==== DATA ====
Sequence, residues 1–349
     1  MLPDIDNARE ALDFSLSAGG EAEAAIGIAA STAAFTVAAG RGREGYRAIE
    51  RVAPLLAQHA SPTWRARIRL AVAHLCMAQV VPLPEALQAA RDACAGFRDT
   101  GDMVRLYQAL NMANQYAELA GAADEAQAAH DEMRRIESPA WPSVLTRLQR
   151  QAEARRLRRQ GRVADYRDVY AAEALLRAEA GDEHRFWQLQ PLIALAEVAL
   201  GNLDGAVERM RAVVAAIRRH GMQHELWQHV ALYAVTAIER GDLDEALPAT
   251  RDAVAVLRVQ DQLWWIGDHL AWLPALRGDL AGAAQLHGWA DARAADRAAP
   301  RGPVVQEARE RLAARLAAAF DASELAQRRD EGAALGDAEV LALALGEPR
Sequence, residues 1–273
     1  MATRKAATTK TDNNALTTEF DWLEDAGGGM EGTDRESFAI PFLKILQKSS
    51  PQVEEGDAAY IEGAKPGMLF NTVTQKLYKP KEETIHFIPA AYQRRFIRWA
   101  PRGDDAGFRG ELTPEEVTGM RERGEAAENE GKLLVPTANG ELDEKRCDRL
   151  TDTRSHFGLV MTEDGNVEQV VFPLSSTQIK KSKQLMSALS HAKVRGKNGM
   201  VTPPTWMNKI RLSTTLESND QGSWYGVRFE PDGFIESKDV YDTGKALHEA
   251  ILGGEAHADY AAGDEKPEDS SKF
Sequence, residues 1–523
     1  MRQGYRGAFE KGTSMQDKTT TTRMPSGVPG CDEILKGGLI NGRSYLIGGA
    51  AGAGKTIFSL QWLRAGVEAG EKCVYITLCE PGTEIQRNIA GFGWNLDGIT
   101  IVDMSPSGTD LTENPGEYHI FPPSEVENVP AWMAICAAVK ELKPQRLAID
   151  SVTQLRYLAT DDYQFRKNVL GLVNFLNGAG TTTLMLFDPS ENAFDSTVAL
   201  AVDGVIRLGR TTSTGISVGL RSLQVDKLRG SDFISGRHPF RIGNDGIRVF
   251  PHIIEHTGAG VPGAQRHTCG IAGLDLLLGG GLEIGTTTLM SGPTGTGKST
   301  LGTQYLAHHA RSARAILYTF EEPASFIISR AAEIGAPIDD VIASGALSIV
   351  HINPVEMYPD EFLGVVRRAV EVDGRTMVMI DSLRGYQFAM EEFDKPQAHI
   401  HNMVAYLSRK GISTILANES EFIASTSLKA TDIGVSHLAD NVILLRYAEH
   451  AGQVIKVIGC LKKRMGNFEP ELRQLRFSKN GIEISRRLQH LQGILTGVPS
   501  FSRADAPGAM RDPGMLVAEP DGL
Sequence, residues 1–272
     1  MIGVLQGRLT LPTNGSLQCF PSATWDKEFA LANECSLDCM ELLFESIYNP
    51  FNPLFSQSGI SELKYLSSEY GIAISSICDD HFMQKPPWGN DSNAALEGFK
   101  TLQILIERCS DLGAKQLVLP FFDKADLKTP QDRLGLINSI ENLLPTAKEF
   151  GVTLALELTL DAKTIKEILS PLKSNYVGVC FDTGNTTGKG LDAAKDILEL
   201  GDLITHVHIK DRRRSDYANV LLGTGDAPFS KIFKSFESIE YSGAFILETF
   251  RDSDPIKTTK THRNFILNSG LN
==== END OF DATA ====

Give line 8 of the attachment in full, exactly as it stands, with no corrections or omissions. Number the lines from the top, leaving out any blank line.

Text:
   301  RGPVVQEARE RLAARLAAAF DASELAQRRD EGAALGDAEV LALALGEPR